Heinrich Rath: Of course, this means that I have to provide spectacle wearers with very specific consultation. One pair of spectacles cannot meet every need, and I must work closely with consumers to determine if they require an extra pair of spectacles for specific visual tasks, such as sunglasses, or playing sports.
BETTER VISION: Is it accurate to say that better technology (such as i.Profiler® and i.Terminal® by ZEISS) has changed the quality of consultation or even improved it?
Volker Meyer: The measurement devices now offer more options to the ophthalmic opticians who use them than previously. The i.Profiler® allows us to perform measurements using wavefront technology. This gives us an exact profile of each eye – while also showing us how vision behaves when the pupils are largely dilated in twilight and darkness. Based on this, we can learn a lot; not only about the prescription, but also about other vision problems, such as the onset of cataracts. If eye problems of this latter kind or potential conditions are found we recommend that consumers visit an ophthalmologist.
Heinrich Rath: As ophthalmic opticians we want to be as precise as possible, but naturally we also want to work in a way that consumers can understand. Ultimately the consumer must know exactly what they are receiving in exchange for their money. We use the i.Terminal® 2 to fit the spectacle lenses into their frames. In this task, every millimetre counts. To fully take advantage of the capabilities of the lens and to ensure relaxed vision, it's important that the spectacle wearer's range of vision at close, intermediate and long distances pass through the area of the spectacle lens that has been designed for this range.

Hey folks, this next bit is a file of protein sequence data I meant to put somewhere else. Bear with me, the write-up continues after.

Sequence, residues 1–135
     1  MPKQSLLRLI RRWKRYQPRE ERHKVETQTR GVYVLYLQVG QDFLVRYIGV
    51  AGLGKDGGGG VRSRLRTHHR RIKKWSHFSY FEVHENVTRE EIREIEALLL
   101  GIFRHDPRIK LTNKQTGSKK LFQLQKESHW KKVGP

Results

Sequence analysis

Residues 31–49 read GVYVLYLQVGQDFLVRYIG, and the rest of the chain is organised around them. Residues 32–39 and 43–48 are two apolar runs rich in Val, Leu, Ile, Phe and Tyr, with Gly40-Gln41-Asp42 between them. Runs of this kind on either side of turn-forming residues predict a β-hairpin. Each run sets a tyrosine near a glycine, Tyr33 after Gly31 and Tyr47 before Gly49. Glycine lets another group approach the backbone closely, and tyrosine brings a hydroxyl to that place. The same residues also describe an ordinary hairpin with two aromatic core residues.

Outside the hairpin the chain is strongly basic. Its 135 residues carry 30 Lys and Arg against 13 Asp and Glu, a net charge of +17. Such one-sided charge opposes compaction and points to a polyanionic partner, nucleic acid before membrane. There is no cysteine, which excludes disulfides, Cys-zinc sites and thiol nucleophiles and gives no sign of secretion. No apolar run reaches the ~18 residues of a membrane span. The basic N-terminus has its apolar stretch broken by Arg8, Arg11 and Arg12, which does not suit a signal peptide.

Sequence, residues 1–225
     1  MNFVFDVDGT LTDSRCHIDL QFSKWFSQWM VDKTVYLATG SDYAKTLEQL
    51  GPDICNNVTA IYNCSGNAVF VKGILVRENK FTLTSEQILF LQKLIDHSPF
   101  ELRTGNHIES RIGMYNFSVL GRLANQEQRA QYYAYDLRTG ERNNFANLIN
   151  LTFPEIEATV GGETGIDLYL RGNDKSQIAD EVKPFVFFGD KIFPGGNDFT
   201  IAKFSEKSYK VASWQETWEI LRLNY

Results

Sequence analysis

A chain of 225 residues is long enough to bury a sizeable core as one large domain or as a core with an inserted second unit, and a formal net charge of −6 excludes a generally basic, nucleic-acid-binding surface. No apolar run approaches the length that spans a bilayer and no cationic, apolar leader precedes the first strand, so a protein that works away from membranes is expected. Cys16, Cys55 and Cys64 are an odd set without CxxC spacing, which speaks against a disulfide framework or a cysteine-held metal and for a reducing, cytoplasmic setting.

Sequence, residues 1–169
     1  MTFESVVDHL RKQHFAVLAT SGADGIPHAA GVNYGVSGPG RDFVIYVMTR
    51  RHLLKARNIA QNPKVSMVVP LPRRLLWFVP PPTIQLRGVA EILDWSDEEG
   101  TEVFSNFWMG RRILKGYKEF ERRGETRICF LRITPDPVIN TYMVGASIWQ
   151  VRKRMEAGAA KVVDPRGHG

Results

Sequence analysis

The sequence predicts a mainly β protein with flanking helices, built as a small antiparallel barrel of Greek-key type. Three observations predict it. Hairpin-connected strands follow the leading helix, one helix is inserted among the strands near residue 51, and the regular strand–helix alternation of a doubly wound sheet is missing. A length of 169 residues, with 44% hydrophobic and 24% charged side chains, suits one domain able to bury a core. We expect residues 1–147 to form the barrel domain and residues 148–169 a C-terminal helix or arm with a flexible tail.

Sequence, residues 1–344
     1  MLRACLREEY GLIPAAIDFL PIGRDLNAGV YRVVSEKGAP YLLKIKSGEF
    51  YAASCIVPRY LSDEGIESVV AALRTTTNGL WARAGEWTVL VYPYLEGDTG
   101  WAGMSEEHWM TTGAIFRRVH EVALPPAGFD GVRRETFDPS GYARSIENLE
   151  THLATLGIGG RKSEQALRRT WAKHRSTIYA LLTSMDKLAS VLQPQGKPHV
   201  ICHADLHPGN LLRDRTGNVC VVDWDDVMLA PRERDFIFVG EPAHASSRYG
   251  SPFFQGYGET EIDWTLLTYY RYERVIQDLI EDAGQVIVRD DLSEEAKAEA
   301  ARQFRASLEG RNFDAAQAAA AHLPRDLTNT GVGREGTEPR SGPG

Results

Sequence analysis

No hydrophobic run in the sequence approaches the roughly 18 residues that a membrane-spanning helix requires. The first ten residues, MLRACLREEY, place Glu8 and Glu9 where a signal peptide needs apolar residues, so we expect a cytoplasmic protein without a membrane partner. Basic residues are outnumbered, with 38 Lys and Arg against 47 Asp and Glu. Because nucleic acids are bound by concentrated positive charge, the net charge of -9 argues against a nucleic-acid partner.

It therefore relies on the equipment taking precise measurements. Of course, there is also a great deal of human skill and craft that goes into it. As an ophthalmic optician, I must be able to read and apply the measured data, select the appropriate product and finish, select the spectacle frames based on the vision requirements, then centre and adjust the frames comfortably and properly on the nose and ears. In this regard I now have considerably more options than I did ten years ago! Quality is achieved through these details, and this is what differentiates the mass spectacle market or spectacles ordered on the internet, from professional ophthalmic opticians, which focus on quality.
BETTER VISION: Do people see better now than in earlier years?
Volker Meyer: Yes! Ophthalmic opticians like us can make consumers see better. Unfortunately, due to the increasing number of cheaply-produced spectacles, vision can also be impaired. The technology, time for precise adjustment and degree of customisation simply cost more money than simple solutions. Spectacles are never a standard product, but always an individual one.